Last updated October 2019

As of December 2019, EPA had data on 33 on-site businesses. These businesses employed 1,165 people and generated an estimated $280,584,360 in annual sales revenue.  . For additional information click here.

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Scovill Industrial Landfill

Scovill Industrial LandfillScovill Industrial Landfill

The 25-acre Scovill Industrial Landfill Superfund site is located in Waterbury, Connecticut. From 1919 until the mid-1970s, the Scovill Manufacturing Company used the area as a landfill. By the mid-1990s, developers had built condominiums, apartment buildings, small commercial buildings and a shopping mall on the 18-acre southern portion of the site. The northern portion of the site is an undeveloped 6.8-acre parcel known as the Calabrese parcel. In 1988, residential development underway on the Calabrese parcel uncovered industrial wastes. The Connecticut Department of Energy & Environmental Protection (CTDEEP) subsequently issued a stop-work order and removed 2,300 tons of contaminated soil along with 19 capacitors from the Calabrese parcel. CT DEEP then placed a temporary soil cap over the area and fenced it.

EPA placed the site on the National Priorities List (NPL) in 2000. In 2004, EPA helped the city of Waterbury with a reuse planning process for the site to develop future land use recommendations for the Calabrese parcel. In 2013, EPA selected the cleanup plan for the site. Cleanup activities include installation of a system to address contaminated vapors from groundwater moving through a building slab on site, targeted excavations in areas exceeding regulatory contaminant levels and placement of that soil under a soil cap on the Calabrese property. Excavated areas will be backfilled with clean fill and restored to original conditions with either new pavement or vegetation. Wetland remediation is also planned. Institutional controls for the entire site will be put in place to ensure public safety. Cleanup design allows for continued residential and commercial use at the site.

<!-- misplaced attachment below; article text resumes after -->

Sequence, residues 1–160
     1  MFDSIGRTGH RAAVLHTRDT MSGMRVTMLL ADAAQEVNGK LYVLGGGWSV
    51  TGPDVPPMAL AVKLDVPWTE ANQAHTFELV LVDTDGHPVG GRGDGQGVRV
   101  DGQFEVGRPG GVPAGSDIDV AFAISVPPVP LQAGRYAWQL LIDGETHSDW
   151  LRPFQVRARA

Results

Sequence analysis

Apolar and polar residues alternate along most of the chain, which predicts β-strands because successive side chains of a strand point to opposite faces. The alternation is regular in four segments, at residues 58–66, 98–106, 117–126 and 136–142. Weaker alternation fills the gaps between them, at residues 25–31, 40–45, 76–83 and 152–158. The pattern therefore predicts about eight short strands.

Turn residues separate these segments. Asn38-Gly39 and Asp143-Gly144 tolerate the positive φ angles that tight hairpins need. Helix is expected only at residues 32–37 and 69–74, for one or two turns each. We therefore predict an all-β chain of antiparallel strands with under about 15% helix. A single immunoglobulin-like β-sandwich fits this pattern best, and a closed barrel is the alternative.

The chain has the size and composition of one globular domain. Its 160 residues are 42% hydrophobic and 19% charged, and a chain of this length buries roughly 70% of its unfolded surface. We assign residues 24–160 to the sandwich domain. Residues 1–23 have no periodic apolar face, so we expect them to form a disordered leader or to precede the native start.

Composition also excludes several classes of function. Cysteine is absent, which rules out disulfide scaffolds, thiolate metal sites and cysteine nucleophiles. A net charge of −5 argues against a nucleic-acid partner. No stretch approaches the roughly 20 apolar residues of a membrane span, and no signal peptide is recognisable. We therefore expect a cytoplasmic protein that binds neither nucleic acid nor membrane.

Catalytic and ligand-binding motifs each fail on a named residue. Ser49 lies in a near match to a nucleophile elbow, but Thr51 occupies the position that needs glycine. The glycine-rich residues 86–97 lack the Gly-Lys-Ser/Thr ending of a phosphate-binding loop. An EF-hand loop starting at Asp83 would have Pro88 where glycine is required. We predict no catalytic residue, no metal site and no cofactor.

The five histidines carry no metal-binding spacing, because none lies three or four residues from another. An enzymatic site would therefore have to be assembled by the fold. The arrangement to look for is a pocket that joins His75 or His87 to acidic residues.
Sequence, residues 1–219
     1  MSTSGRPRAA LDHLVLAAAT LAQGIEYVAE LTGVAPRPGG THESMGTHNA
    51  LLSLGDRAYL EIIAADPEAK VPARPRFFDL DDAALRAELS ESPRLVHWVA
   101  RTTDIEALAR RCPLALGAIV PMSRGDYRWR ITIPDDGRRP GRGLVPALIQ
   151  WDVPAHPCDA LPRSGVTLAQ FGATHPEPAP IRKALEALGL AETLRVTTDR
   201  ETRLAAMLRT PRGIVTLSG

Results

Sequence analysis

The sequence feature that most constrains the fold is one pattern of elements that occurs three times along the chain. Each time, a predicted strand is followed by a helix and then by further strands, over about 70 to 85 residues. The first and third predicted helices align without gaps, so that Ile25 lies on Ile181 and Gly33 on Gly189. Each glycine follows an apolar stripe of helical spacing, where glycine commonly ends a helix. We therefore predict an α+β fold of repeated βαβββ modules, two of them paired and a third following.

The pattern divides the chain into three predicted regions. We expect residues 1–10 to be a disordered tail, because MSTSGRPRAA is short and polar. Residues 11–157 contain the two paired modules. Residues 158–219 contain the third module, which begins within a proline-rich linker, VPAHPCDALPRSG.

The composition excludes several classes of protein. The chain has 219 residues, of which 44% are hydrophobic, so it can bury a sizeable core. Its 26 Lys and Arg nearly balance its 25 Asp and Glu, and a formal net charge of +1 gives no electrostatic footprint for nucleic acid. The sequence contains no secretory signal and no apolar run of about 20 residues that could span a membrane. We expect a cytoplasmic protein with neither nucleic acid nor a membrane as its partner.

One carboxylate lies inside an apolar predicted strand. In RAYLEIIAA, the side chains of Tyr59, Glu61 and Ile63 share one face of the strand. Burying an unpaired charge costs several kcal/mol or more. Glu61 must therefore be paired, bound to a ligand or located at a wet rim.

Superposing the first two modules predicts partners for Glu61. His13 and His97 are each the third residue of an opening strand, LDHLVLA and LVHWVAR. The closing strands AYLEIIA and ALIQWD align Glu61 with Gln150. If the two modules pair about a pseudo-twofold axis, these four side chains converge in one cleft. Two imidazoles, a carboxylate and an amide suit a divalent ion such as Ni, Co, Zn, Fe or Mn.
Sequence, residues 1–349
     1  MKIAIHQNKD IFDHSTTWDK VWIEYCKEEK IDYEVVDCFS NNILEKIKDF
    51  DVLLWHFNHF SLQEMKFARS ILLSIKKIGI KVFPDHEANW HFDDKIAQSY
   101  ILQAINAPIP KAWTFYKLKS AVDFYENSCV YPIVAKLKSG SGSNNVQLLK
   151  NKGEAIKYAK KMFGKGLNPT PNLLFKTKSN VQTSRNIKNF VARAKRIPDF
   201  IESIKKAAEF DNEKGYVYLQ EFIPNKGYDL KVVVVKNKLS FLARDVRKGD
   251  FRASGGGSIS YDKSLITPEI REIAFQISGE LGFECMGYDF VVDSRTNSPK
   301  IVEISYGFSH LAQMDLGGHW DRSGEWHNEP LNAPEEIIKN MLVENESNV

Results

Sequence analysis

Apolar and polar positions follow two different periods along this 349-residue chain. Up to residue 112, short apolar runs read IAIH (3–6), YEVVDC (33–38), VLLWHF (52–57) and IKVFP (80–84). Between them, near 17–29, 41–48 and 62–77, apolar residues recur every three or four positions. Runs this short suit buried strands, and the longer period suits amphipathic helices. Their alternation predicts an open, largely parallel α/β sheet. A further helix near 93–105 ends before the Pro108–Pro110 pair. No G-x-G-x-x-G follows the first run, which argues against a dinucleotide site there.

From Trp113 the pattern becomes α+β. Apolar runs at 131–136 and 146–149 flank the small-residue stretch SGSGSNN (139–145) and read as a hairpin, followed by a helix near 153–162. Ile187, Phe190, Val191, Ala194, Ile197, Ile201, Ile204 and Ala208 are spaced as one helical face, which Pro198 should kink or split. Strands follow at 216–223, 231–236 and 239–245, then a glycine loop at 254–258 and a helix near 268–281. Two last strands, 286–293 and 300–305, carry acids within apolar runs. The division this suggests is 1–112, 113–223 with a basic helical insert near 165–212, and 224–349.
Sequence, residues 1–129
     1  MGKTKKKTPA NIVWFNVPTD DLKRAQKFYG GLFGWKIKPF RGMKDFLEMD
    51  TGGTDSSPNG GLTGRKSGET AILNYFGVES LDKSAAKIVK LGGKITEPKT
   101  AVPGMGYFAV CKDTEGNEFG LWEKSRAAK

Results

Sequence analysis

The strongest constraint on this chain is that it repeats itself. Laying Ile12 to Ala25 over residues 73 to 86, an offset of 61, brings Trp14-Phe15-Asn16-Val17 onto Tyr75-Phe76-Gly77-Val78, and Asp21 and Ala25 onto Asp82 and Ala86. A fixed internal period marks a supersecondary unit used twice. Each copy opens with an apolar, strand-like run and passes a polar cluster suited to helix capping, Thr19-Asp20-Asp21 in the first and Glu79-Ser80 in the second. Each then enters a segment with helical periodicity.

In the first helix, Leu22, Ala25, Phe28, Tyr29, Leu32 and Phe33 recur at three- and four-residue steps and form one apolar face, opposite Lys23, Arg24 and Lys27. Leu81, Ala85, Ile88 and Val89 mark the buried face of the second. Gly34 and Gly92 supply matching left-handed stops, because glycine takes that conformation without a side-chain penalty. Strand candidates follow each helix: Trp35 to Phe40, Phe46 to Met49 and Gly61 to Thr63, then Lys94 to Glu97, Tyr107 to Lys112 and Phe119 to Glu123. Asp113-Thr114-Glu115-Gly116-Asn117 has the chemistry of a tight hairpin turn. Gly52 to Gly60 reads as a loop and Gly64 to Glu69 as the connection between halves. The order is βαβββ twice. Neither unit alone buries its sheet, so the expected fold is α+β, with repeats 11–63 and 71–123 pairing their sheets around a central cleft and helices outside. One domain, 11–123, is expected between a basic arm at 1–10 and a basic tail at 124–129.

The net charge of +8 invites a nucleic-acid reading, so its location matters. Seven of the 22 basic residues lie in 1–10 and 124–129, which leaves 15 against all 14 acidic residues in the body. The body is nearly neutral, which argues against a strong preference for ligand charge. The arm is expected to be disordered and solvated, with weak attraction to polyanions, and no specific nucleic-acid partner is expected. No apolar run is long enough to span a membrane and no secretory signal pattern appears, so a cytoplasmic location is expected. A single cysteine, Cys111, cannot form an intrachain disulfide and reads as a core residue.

Last updated October 2019

As of December 2019, EPA had data on 18 on-site businesses. These businesses employed 202 people and generated an estimated $18,416,000 in annual sales revenue.   For additional information click here.

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Solvents Recovery Service of New England Capped Site Reuse Cultural/Historical Reuse

The Solvents Recovery Service of New England Superfund site is located in Southington, Connecticut. The site includes a 4-acre former operations area and a 42-acre groundwater contamination plume. From 1955 until 1991, a hazardous waste treatment and storage facility operated at the site. During operations, spills occurred and operators stored process wastes in unlined lagoons. These practices resulted in soil and groundwater contamination. In 1979, the town of Southington discovered contamination in two public water supply wells downgradient of the site. The town closed these wells.

EPA placed the site on the National Priorities List (NPL) in 1983. EPA conducted short-term cleanup activities to remove 19 drums of contaminated materials. Cleanup activities also include treating groundwater, consolidating and capping contaminated soil, treating soil, monitoring, and restricting groundwater and land use. Cleanup construction completed in 2017; long-term monitoring and maintenance is ongoing. The U.S. Fish and Wildlife Service used funds from potentially responsible parties to restore ecological habitat, including waterways and natural resources affected by the site. In September 2017, construction was completed for a new section of the nearly 80-mile-long Farmington Canal Heritage Trail, which runs across the site, and a trail access parking lot. A 50-kilowatt solar array was also constructed to provide power for the long-term operation of the groundwater extraction system.
Last updated October 2019

As of December 2019, EPA did not have economic data related to on-site businesses, or economic data were not applicable due to site use. For additional information click here.